After reading a syndicated columnist’s answers to homeschoolers’ questions on raising their children, I suggest parents ask trusted family or other mentors about household issues, before asking a complete stranger for advice.
John Rosemond’s advice columns have popped up a time or two when homeschooling parents asked him for help. From earlier this month:
Question: My 5-year-old son is an only child whom I home school. He talks back, argues and generally wears me down. I need help getting to him to realize that no is no, that I mean what I say. I know I’m the problem. Help!
Mr. Rosemond offers: “to repeat what I’ve said several times before in this column: I do not recommend homeschooling when the child in question is disobedient, disrespectful and generally difficult to “control.” Pre-existing discipline problems are counterproductive to an effective home school environment. Discipline problems should be solved before homeschooling is attempted.”
But he’s speaking of a five-year-old child.
As if being sent to school will straighten out these problems. Appears to be a strange sort of punishment and discipline to me.
Another question posted yesterday:
Question: I homeschool my two children, ages 7 and 9. The school day lasts from 8:30 in the morning until 2 in the afternoon, after which they usually do homework for an hour or two. During homework time, they are constantly coming to me, asking me to go over material we’ve covered during school.
This is preventing me from getting my own work done. I find myself being frequently interrupted, and I have to admit, I’ve lost it on a couple of occasions. What should I do?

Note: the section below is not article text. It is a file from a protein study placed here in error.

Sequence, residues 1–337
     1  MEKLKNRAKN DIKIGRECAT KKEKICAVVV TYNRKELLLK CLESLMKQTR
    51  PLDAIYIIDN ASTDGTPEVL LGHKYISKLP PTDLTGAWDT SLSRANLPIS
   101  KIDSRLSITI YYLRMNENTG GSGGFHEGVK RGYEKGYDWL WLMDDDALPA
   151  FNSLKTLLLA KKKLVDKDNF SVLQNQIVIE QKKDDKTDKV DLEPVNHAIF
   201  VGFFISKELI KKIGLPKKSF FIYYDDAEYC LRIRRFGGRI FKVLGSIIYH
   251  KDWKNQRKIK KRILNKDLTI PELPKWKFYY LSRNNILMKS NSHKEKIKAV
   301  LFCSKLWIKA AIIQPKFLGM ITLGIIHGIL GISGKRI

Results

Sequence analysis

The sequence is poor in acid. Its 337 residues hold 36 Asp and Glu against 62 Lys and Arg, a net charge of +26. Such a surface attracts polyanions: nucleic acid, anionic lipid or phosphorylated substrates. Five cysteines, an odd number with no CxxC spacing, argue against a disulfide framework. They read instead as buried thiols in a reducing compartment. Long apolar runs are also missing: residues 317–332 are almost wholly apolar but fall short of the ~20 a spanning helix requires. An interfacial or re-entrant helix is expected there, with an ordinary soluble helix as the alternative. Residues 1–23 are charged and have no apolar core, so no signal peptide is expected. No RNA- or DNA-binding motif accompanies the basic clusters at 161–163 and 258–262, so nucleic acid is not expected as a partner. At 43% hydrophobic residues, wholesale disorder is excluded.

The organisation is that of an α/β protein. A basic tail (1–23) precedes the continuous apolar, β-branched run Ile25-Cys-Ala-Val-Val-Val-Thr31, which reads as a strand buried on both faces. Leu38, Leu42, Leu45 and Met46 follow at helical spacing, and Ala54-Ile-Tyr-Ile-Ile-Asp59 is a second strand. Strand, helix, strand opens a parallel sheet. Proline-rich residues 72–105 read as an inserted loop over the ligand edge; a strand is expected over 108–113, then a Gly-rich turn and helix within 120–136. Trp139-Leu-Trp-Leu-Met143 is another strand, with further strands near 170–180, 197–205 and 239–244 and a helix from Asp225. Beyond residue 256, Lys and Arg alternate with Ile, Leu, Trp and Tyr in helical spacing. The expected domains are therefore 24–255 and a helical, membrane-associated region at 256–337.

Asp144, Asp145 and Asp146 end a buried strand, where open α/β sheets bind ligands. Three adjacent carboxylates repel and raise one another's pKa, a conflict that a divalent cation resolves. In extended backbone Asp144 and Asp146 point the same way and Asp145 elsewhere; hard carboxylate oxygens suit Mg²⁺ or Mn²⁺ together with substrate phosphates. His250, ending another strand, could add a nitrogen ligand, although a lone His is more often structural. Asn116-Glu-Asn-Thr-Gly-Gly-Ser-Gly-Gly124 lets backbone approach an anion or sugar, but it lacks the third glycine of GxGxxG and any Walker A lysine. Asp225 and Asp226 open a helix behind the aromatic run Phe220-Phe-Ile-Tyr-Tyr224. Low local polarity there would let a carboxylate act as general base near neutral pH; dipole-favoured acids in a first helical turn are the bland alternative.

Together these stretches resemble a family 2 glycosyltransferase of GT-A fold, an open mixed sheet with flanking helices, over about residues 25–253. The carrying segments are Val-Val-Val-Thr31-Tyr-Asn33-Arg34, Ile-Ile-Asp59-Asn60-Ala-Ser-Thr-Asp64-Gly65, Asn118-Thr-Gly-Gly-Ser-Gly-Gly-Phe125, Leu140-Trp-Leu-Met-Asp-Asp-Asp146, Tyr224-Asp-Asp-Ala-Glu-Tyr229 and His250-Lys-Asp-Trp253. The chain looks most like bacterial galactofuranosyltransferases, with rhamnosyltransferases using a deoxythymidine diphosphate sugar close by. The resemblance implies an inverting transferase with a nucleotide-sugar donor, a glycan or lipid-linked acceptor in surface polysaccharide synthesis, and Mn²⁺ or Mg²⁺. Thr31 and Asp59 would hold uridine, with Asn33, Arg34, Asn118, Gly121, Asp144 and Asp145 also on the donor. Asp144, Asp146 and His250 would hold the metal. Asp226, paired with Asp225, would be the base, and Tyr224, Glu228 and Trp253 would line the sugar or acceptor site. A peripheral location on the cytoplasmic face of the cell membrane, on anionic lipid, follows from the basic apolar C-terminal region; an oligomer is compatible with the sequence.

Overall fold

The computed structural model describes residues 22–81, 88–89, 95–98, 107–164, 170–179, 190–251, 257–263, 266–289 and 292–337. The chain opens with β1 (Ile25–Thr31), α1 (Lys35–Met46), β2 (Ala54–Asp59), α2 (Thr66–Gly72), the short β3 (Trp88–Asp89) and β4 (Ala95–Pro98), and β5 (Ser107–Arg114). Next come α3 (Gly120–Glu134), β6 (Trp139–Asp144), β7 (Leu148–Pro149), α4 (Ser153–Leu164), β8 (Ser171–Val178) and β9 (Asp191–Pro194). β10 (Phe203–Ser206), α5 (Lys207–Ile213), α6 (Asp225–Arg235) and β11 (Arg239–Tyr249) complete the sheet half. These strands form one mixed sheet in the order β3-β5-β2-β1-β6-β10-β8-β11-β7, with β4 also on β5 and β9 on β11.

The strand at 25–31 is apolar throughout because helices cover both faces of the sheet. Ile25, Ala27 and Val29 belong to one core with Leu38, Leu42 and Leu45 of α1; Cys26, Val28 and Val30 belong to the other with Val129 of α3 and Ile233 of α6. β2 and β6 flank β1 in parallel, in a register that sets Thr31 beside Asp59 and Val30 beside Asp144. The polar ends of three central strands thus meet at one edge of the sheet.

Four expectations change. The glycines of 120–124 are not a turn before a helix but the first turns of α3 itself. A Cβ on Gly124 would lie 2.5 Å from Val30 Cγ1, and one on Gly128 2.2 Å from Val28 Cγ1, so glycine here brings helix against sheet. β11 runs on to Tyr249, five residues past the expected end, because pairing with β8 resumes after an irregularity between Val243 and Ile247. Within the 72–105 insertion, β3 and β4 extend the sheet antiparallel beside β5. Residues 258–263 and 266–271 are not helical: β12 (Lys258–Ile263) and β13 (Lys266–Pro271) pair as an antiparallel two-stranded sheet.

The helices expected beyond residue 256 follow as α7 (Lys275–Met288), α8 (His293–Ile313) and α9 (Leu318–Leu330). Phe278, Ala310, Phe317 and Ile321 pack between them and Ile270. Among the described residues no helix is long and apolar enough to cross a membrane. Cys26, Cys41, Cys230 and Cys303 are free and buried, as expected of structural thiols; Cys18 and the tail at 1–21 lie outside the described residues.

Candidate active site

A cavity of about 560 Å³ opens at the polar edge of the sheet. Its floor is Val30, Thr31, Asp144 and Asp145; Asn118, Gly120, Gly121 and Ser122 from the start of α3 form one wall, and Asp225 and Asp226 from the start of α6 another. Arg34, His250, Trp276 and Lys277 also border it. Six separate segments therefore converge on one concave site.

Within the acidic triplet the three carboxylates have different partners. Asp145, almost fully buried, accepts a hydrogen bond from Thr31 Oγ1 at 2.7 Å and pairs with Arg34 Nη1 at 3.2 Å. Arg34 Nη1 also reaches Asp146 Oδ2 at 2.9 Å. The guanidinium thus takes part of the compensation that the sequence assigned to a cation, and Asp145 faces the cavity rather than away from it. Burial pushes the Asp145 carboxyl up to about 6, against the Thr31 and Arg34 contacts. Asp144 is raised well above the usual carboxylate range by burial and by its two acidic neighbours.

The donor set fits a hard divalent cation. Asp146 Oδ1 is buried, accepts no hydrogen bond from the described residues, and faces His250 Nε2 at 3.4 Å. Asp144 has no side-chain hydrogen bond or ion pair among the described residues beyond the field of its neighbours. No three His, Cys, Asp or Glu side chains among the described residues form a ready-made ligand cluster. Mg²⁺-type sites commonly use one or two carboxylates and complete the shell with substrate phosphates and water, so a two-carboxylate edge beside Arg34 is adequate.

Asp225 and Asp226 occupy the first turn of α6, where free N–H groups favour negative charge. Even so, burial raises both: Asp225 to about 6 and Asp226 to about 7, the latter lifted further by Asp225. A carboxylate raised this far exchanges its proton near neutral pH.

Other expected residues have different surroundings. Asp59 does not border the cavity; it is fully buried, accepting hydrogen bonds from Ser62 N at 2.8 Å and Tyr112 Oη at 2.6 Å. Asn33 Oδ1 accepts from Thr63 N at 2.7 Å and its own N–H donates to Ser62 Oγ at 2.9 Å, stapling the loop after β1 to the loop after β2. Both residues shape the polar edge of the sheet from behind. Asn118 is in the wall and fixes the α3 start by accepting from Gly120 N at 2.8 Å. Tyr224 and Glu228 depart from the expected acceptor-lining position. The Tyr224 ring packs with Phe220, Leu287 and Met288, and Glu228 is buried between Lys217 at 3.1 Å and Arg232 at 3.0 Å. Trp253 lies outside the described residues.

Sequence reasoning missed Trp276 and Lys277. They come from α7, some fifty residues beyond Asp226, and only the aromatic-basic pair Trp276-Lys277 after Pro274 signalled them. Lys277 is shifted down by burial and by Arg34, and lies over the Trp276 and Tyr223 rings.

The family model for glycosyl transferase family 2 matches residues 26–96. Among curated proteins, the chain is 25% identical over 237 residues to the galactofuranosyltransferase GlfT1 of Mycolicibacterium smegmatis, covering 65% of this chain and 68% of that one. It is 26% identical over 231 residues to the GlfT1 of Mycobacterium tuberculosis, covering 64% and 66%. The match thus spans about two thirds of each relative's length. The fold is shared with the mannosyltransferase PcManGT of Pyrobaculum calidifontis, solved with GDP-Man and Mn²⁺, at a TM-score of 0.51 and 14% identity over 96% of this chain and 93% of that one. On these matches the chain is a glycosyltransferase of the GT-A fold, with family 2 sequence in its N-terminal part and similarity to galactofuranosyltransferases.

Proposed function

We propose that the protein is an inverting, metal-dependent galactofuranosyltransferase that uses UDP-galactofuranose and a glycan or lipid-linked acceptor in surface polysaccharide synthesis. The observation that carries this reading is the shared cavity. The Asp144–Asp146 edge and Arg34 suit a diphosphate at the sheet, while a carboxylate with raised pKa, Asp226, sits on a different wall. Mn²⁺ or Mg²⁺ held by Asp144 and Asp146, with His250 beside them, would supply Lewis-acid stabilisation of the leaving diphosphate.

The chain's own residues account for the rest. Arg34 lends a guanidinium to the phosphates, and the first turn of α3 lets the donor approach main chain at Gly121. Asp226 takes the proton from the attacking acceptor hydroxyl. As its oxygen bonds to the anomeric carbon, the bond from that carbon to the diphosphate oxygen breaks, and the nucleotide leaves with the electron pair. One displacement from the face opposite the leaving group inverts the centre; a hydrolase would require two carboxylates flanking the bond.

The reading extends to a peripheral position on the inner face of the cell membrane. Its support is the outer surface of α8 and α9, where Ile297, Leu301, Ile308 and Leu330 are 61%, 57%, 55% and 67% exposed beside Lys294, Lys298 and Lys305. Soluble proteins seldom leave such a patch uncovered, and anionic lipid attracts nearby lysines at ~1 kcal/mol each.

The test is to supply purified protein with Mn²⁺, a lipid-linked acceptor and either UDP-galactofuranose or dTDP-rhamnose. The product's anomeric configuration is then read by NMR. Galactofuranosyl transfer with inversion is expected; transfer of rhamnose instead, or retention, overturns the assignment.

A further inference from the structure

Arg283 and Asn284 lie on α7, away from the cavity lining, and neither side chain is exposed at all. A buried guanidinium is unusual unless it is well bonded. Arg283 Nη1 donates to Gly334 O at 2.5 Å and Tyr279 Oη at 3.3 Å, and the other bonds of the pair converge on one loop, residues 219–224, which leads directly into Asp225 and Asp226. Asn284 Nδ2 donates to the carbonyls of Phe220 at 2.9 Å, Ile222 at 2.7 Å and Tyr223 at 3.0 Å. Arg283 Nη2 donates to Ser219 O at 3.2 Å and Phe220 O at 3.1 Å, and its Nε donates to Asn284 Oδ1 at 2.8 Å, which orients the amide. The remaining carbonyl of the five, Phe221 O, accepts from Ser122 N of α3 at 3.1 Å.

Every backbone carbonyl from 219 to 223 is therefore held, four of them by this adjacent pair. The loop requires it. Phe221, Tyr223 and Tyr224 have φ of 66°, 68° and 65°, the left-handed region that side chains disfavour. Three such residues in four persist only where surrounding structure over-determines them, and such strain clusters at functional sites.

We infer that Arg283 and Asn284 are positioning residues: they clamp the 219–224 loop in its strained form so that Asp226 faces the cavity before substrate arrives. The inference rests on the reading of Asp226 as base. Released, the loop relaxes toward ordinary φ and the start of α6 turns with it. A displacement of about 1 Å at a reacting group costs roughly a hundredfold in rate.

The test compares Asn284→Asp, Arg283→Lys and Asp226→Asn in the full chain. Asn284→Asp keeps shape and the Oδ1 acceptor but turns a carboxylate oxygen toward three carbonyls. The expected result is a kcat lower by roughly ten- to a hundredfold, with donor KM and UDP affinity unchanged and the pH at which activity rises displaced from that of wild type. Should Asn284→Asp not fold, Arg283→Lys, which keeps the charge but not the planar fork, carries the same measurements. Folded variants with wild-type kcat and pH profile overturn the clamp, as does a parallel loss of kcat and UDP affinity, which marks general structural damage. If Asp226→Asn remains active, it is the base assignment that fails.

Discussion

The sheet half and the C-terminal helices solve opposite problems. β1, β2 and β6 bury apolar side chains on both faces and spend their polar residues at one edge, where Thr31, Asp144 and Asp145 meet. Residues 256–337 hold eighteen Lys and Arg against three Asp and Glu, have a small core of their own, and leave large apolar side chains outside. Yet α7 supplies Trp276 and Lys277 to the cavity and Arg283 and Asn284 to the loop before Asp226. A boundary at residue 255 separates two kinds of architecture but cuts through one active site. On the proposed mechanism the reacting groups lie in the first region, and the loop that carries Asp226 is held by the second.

Here’s his response on parenting:
You should tell your children that after 2 o’clock in the afternoon you are no longer their teacher – you’re their mother and you don’t intend to re-teach material you taught during school.
If home educating parents have learned nothing else as time goes by in their children’s growing process, they become wise to the notion they are their children’s first and most important teachers. 24 hours a day.
Despite John Rosemond’s invites to homeschool conventions, I contend he knows very little about the homeschool lifestyle. Maybe his parenting advice is fair enough dispensing to a big reading crowd about a personal and unique family situation. But generally, homeschoolers do not ring a bell at 8:30 am with recess at 10 and lunch at 11:45. We don’t have to do that. Not understanding the scheduling flexibilities, let alone telling a parent to shut off a piece of themselves ‘after-hours’ is impractical and not particularly helpful.
He needs to get out more in the homeschooling community to listen to families. If that is possible for an advice columnist.
Here’s a start. The advisors below see past the notion that home education and that family life could turn superfluous at any point. Family is the heart of a child’s life.